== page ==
The OMV Peugeot Norway World Rally Team will take up the last run to the FIA World Rally Championship, the Wales Rally GB, from November 29 to December 3 in the Cardiff area with a lot of self-confidence. Manfred Stohl and Henning Solberg have bestowed the OMV Peugeot Norway WRT and Bozian Racing with the most successful season in history already prior to the showdown. Nevertheless, both the Austrian as well as the Norwegian OMV driver have big plans for the rally finale 2006.
Manfred Stohl/Ilka Minor: "The Wales Rally suits me just fine. I like the conditions and know that I can be very fast there. It is good that we still have a goal in front of us in order to keep up the tension. And I obviously want to end this season with my fourth podium place."
Henning Solberg/Cato Menkerud: "We drive a very high speed which sometimes takes its toll. But it is the only way to keep up with the top. It is important to us to test our limits. We have had some very good results this year already. And we want to top that at the Wales Rally."
Newly-crowned FIA World Rally champions BP-Ford aim to complete the most successful season in their history by ending a long winless streak on next week's Wales Rally GB (30 November - 1 December). After securing the manufacturers' world title earlier this month for the first time since 1979, BP-Ford drivers Marcus Gronholm and Timo Rautiainen and team-mates Mikko Hirvonen and Jarmo Lehtinen have their sights set on giving Ford a first British win since the same year.
Marcus Gronholm/Timo Rautiainen: Gronholm has plenty of experience in Britain, having started nine times and won once. "It can be an extremely difficult rally," said 38-year-old Gronholm. "When the conditions are OK then the stages are fine but when it is wet, foggy, muddy and icy -- sometimes all together -- then the roads can be really hazardous. Fog is something that we don't encounter on many rallies during the season, but you can guarantee that with the rally back at the end of the season, at some point we will have fog and that's horrible. "I'm looking forward to a good battle and I'm sure that Mikko will be one of my biggest challengers. He has increased his pace as the season has progressed and I know that he wants to try to prove himself in Britain so it should be good fun," added Gronholm, assured of second in the drivers' standings.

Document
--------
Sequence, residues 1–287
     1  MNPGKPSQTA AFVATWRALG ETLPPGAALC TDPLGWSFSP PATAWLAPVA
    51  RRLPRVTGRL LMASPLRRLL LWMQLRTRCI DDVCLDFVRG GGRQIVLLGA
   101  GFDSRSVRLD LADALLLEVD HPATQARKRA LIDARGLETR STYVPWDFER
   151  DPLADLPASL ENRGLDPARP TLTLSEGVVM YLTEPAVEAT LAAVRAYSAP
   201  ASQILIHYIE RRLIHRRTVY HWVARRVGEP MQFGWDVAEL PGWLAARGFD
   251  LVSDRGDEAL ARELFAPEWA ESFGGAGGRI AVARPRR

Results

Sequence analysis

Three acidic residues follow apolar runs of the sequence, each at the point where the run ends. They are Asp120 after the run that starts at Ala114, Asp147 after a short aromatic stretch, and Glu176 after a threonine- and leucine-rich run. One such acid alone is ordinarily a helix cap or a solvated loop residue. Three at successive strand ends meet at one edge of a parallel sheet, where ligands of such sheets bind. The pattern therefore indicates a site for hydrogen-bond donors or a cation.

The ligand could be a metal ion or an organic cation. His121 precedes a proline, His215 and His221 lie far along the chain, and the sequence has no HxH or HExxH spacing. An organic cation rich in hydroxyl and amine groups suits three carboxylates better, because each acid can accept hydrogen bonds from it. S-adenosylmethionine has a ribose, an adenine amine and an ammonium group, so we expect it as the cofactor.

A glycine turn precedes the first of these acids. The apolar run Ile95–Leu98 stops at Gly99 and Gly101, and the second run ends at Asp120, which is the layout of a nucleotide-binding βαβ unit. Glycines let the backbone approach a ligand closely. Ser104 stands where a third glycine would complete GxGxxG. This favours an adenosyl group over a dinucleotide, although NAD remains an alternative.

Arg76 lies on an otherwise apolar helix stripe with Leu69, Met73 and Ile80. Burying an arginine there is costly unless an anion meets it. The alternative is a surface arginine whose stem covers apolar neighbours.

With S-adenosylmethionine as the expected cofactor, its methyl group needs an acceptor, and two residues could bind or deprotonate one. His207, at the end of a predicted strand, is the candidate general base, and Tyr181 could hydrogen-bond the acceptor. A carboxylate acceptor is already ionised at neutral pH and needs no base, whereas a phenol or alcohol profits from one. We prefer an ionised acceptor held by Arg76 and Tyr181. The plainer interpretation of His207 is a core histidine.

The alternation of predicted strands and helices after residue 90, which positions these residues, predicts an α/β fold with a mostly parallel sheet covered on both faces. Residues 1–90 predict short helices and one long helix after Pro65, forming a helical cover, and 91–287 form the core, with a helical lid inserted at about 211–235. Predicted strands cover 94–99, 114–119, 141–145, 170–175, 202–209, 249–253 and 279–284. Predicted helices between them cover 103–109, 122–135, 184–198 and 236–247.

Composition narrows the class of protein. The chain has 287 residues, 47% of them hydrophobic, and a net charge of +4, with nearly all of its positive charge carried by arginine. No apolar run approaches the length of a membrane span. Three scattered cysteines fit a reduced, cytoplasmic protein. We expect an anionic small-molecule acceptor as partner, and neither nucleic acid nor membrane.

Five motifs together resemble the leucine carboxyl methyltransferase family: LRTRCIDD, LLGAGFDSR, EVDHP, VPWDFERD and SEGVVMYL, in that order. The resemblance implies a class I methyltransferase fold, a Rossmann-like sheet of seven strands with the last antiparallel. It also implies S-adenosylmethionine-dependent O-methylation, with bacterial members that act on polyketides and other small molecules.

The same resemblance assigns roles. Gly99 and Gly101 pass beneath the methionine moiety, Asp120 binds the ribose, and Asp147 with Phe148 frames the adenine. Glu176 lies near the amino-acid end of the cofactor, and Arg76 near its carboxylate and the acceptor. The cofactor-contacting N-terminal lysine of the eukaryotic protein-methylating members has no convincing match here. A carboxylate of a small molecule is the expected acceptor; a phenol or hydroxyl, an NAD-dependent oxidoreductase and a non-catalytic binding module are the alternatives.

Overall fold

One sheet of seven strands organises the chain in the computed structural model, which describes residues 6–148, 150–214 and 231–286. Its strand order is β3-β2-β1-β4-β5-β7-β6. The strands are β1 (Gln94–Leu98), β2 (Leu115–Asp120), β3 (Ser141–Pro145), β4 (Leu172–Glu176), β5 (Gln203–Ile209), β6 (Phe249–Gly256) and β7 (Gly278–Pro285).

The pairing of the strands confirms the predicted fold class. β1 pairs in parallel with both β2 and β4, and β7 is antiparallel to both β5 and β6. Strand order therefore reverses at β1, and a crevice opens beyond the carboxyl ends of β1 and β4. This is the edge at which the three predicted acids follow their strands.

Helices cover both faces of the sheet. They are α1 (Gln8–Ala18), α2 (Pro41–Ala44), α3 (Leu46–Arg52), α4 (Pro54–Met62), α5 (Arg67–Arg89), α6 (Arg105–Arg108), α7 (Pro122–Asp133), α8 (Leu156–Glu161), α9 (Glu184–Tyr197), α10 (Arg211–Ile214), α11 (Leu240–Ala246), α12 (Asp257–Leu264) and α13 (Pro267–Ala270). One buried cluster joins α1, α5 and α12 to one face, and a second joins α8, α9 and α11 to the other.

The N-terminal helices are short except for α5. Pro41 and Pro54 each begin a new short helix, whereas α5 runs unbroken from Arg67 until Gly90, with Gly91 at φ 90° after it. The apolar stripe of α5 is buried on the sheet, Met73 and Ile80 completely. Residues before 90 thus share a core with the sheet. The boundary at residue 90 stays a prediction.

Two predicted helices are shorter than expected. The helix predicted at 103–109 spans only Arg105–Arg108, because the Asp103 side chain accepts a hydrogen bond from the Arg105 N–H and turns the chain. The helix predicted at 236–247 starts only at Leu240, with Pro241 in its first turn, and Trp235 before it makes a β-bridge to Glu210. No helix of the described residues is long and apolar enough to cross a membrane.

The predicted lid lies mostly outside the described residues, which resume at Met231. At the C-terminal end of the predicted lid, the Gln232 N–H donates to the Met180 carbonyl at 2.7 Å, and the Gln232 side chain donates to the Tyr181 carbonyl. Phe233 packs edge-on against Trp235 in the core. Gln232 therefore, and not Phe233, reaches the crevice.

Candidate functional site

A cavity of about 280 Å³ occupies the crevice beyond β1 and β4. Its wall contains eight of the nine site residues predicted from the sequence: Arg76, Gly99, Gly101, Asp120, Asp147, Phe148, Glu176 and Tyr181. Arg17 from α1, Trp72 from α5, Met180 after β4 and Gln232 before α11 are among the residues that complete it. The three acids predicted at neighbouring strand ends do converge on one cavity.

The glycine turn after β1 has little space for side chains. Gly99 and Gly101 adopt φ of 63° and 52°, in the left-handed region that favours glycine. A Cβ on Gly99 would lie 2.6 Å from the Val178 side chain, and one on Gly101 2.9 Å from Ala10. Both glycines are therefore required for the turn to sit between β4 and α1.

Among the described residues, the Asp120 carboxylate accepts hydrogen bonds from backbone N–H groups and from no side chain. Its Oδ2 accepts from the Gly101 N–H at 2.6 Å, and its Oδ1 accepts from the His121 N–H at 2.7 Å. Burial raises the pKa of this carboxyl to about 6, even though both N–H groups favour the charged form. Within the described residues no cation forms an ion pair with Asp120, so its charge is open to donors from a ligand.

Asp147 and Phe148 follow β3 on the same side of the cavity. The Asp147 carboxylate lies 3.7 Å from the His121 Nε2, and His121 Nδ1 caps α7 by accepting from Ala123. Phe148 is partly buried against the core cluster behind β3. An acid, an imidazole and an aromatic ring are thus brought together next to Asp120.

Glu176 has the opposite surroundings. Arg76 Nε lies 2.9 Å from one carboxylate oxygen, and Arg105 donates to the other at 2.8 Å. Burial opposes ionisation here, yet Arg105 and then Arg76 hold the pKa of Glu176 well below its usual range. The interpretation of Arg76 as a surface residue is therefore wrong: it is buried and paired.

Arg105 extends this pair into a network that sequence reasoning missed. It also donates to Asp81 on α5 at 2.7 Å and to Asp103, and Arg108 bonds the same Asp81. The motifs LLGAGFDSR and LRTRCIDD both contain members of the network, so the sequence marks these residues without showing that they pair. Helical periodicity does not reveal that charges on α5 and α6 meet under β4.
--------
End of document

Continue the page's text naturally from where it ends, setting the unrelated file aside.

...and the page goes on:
Mikko Hirvonen/Jarmo Lehtinen: Hirvonen has started in Britain on three occasions and the 26-year-old is relishing the opportunity to attack. "There will be no pressure through having to score points so I'm looking forward to giving it a real go and driving as fast as I can. The stages in Wales are good but it's not an easy event in which to bring the car home to the finish because of the conditions. In the dry the stages are quite simple but in December we can expect temperatures below zero with ice and fog. Fog is the worst. The roads are so fast that when it's foggy you can't see well. "I will try to win but I know that to do that I need to beat Marcus at least. I hope that I can match his pace and put pressure on him through the whole weekend," added Hirvonen, who is already assured of third in the drivers' championship.
Stobart VK M-Sport Ford
Cumbrian world rally sensation Matthew Wilson arrives back in Britain after a whirlwind 11 months, taking in 15 countries and 15 rallies on five continents, as the most successful 19-year-old driver ever to compete in the World Rally Championship. Despite only just being out of school, Wilson signed up to drive for the Stobart VK M-Sport Ford team in this year's World Rally Championship -- and made an immediate impression. Despite a fearsome reputation in the sport, Wilson made his name on Rally Argentina earlier this season. The son of former British Rally Champion, Malcolm, rocked the establishment in South America, where he became the youngest driver ever to set a fastest time on a world championship stage -- and the youngest driver ever to clinch a WRC point. Joining Wilson in the Stobart VK M-Sport Ford team is Jari-Matti Latvala from Finland. With Wilson aged 19 and Latvala 21, this team really represents the sport's future. There's going to be a fascinating battle between the two team-mates, both of whom have already won at the highest level in Britain, but Latvala certainly edges Wilson in terms of experience. The fast Finn arrives on the back of two Production World Rally Championship wins in Australia and New Zealand, so his confidence will be high.